To amuse themselves, back in the early 1980s, the editors of Forbes would run the occasional article on an antiquated business model that had survived into that present age.
One piece dealt with publishers whose catalog consisted of a single title. Or maybe two. This title would be updated every few years and would sell out until the next press run. One example, IIRC, was a legal publisher. Debrett's and Burke's were others. Anyway, the title not only supported the author - where the author, editor or compiler was still alive - it supported an entire business.
I was thinking of this making my way through Pope's information in Eicher and Eicher's massive compendium Civil War High Commands. This book is going to need updating. It also needs lots of notes, of which it has not enough, to become more "transparent" in the finality of its rulings.
That Stanford U. Press is going to pay for revised and updated editions of Civil War High Commands seems preposterous. It's a miracle we have it at all. At the same time, the immense labor invested here must not be lost.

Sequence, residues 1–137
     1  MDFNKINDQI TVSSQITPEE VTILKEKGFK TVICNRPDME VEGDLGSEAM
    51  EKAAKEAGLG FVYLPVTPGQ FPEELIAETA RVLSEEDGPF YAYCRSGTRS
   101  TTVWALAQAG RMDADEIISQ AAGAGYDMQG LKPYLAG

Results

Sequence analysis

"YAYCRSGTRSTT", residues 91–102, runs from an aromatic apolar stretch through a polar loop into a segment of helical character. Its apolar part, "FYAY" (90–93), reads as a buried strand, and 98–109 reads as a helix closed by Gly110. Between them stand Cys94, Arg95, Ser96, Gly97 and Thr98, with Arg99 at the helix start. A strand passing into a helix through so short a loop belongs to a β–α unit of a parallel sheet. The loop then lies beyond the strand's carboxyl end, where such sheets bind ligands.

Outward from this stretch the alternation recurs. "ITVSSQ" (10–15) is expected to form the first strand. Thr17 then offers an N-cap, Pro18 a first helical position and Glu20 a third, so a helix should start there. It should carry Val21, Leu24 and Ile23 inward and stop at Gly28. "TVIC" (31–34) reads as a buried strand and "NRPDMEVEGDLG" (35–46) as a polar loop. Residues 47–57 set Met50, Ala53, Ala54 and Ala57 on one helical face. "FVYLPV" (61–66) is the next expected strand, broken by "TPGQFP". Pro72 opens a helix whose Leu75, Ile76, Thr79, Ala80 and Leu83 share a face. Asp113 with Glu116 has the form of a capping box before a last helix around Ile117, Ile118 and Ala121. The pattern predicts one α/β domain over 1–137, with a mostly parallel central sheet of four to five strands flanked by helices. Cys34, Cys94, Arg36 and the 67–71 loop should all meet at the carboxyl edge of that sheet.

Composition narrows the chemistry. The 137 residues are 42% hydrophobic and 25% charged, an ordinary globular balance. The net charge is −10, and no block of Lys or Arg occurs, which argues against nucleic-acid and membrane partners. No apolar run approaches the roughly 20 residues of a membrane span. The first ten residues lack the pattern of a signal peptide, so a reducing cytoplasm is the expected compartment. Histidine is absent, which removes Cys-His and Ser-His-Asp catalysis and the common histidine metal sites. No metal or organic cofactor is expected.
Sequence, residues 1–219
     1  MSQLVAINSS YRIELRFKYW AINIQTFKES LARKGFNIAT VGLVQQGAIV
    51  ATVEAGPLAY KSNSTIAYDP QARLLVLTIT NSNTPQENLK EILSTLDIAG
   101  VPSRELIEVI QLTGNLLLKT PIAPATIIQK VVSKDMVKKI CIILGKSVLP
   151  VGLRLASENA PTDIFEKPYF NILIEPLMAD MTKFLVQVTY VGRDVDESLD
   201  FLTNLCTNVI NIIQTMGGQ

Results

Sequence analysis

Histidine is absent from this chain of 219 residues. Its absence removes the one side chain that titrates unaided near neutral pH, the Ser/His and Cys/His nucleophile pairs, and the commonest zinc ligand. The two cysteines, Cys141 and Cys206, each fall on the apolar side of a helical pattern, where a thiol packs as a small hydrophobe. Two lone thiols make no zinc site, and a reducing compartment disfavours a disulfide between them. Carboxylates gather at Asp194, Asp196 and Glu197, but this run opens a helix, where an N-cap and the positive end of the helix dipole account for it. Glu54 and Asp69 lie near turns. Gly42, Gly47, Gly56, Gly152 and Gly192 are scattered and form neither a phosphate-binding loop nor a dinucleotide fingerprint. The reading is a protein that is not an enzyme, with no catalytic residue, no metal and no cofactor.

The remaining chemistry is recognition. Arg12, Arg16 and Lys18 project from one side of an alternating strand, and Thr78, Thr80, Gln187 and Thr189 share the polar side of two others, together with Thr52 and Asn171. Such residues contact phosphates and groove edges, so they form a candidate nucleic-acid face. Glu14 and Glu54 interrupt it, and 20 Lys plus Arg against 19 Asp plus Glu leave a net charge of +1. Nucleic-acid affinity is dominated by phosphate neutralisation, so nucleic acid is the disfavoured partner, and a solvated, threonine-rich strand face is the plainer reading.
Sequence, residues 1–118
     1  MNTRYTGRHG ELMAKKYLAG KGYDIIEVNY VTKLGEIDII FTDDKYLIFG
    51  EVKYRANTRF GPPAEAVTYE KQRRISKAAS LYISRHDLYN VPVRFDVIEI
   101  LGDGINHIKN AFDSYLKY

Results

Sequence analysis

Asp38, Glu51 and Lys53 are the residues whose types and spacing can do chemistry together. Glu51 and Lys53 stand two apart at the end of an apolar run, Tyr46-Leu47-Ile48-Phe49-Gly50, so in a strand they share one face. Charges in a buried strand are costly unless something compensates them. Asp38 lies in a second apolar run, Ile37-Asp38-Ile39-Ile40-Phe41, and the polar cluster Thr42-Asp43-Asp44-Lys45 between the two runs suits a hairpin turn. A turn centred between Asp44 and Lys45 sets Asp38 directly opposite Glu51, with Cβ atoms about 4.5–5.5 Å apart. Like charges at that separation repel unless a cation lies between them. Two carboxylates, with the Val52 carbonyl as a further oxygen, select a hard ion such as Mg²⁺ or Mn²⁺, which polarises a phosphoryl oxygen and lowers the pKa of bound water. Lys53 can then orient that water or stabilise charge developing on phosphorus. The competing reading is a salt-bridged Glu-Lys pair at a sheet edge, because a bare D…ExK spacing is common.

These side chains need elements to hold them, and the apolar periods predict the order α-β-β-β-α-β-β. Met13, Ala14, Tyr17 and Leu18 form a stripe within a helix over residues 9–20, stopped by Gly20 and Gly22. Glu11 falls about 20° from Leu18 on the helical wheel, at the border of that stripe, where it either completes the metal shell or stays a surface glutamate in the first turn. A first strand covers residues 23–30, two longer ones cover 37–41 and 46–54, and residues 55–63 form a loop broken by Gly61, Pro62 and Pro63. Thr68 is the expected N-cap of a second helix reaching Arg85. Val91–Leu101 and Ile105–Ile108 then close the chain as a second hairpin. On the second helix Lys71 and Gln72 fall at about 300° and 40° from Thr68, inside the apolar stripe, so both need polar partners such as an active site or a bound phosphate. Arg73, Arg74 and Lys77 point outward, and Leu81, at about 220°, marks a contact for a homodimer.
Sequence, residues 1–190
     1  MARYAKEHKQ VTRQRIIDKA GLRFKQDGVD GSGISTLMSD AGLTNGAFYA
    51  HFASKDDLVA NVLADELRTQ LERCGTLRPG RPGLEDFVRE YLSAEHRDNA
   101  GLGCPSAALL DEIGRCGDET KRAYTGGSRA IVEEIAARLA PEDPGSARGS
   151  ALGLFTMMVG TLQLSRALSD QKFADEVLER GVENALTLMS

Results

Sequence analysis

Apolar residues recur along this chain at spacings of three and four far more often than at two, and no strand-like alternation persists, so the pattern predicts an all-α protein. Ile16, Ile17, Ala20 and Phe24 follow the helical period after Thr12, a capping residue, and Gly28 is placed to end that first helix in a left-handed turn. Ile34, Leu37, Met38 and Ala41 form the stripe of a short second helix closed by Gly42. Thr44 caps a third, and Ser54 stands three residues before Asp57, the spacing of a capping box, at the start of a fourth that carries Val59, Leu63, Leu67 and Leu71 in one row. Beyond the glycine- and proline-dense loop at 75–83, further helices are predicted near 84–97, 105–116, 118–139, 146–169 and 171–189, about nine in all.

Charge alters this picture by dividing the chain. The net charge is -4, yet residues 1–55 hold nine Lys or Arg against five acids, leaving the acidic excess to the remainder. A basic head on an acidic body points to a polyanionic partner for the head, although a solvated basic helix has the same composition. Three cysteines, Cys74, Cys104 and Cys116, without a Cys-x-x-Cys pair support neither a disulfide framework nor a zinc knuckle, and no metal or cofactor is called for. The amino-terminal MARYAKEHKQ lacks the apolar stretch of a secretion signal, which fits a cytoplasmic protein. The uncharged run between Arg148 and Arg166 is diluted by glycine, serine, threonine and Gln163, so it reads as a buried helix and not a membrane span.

When you think of it, this book is most like Debrett's or Burke's peerages, and it suggests a similar (single publisher) publishing model. Now, this is important: "Burke's Peerage is casting off the shackles of costly print publishing and embracing the brave new world of the internet." That was in 2004.
Like the OR, Civil War High Commands is best when searchable. Like the peerages, it is not for browsing but for look-up. Burke's has figured that out. "Electronic" is the right model for big searchable books. It puts the money in editing and revising, not in production and distribution.